Insights from Top Recruiters #FridayForum
On Friday, August 7, I had the pleasure of moderating a panel that included Shai Phillips of Berkhemer Clayton, Inc, Jennifer Doidge of Russell Reynolds Associates, Peter McDermott of Korn Ferry, and Judith Cushman of Judith Cushman & Associates.
No one saw 2020 coming. No one could have planned for it. Layoffs, furloughs, hiring freezes… we’ve heard it all. Our LinkedIn feeds are full of layoff posts and #OpenToWork announcements. It’s easy to lose hope. But we gathered the best recruiters in the industry to give us their insights and perspectives. The good news is, each of them shared collective optimism for what’s to come. It might just be the best time to be a communicator, marketer and PR professional.
Doidge noticed how resilient and adaptable the industry has been. Phillips suggests there’s a “split market” right now. One segment, he shared, has trended downward and it’s bringing down our economy and job availability. But the other segment is trending upward. Industries like tech, consumer media, mobile, even grocery-related industries are hiring a ton of assistance to adapt. Cushman shared there are tons of opportunities coming, but right now optimism and patience are needed.
Where are recruiters hanging out and where should you be?
LinkedIn is a great tool to network. But don’t overlook the power of your agency or consultancy network. Think strategically and outside the box when it comes to relationship-building and ultimately finding your next gig. Recruiters always ask for referrals before digging into a pile of resumes.
LinkedIn vs. Resume
Phillips discussed how LinkedIn will soon take over resumes, but we’re not quite there yet. As of right now, resumes are still taking precedence over LinkedIn. The panel agreed. They said people tend to fluff their LinkedIn profiles and take many liberties with it—hindering its accuracy, and therefore it’s less reliable. But on a resume, people are more inclined to be truthful and accurate. LinkedIn, however, is a great tool for networking, personal branding and can serve as an extension of your resume. Doidge said whenever she pitches a candidate to a client, the client immediately searches the candidate on LinkedIn. McDermott said that LinkedIn should mirror the resume, but resumes won’t go away for a while, especially for our industry.
· Data, data, data! Don’t just describe what you do. Use metrics and data to quantify your successes and accomplishments
· Add months and dates to your resume, education included
· Don’t get too creative with your resume
· Be smart, succinct and show off your comms skills
· Get straight to the point, recruiters don’t need every detail
· Fill your LinkedIn out as much as possible (makes recruiter’s job easier)
Breaking into tech and the public sector
People automatically think it’s impossible to break into companies like Amazon, Facebook and Google. Especially now. Doidge shared that orgs like those have built smart internal recruiting functions that are complex to navigate—and it will only continue to get smarter. A best practice is to network with internal recruiters who focus on communication, marketing and PR functions.
In terms of the public sector, Phillips shares there’s a high demand for people who understand earnings, stock pricing and investor relations. McDermott explains how communicators will soon turn into subject matter experts for policy and public affairs. Communicators will have to be smart in all of the above to stay relevant and agile. Cushman shares that once vaccines are available, there will be plenty of opportunities for communicators to educate the public on it.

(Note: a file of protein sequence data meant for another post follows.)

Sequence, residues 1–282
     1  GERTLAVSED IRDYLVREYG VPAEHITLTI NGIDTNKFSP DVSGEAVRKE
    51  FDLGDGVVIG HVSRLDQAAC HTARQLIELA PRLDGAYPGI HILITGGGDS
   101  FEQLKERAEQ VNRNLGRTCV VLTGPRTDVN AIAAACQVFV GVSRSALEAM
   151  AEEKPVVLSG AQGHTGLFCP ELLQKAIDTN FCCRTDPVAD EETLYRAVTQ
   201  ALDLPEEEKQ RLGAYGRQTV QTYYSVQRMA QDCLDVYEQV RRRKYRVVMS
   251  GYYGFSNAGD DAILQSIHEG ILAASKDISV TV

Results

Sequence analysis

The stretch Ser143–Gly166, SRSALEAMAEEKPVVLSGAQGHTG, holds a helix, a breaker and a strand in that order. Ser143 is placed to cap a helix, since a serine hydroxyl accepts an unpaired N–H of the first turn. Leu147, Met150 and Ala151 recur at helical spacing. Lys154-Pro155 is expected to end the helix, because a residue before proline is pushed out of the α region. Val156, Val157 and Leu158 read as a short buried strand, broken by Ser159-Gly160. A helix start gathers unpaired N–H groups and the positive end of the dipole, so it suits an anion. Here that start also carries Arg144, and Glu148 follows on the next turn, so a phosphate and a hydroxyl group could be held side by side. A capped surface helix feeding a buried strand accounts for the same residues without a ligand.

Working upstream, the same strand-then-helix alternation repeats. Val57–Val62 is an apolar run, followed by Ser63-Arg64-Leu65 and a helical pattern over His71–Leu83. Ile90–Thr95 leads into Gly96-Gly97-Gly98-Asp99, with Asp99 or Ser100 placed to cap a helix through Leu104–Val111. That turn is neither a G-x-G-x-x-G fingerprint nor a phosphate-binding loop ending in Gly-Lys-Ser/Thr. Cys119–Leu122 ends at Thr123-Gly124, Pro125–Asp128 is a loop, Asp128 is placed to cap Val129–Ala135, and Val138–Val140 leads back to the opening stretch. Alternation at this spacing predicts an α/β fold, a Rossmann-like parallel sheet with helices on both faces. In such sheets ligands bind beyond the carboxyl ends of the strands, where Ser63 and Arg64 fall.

Generalist vs. Specialist
Doidge discusses how generalists are more like athletes. There’s a way to package your experience and reputation in a way that speaks to more broad experience. Being a generalist isn’t a bad thing, in fact, it’s additive to your next role.
BLM, ageism and prejudice in the hiring system
Companies right now need the right skillset and are less concerned with when you graduated college. The ability to understand social media management, metrics, AI and data analysis are key.
There are also other people being left out of the market. Black Lives Matter has shed light to the many injustices happening in the workplace. McDermott shared information on The LAGRANT Foundation, a non-profit he works with to recruit and place more ethnic and diverse hires into the industry. Diversity and inclusion (D&I) and ageism have been discussed for 30 years.
Cushman predicts companies will (and are already starting to) recognize more responsibility to keep their employees engaged. She predicts more remote opportunities, flexible work hours and onsite childcare. Everything will be turned upside down.
Predictions on hiring trends for the next 3-6 months?
My personal opinion is we will continue to expand our range of potential hires and will no longer be limited by geographical standards. At Connext, we also believe there will be a greater need for independent consultants and project-based work before clients consider full-time hires.
The biggest trend over the last decade has been the integration of marketing and communications. Phillips shares there used to be separate silos but there’s a need for collaboration. Slowly, over time, these functions will morph into one.
Doidge says it’s a great time to be in communications because company reputation is huge right now. C-level executives are prioritizing and investing in communications.
To Doidge’s point, McDermott adds that communicators have been on the front lines for big crises in the past. The relationship between communicators and executives have only strengthened over the years. He says communications is the only function that continues to take on more as time goes by. There’s a lot more hope and opportunities for the industry.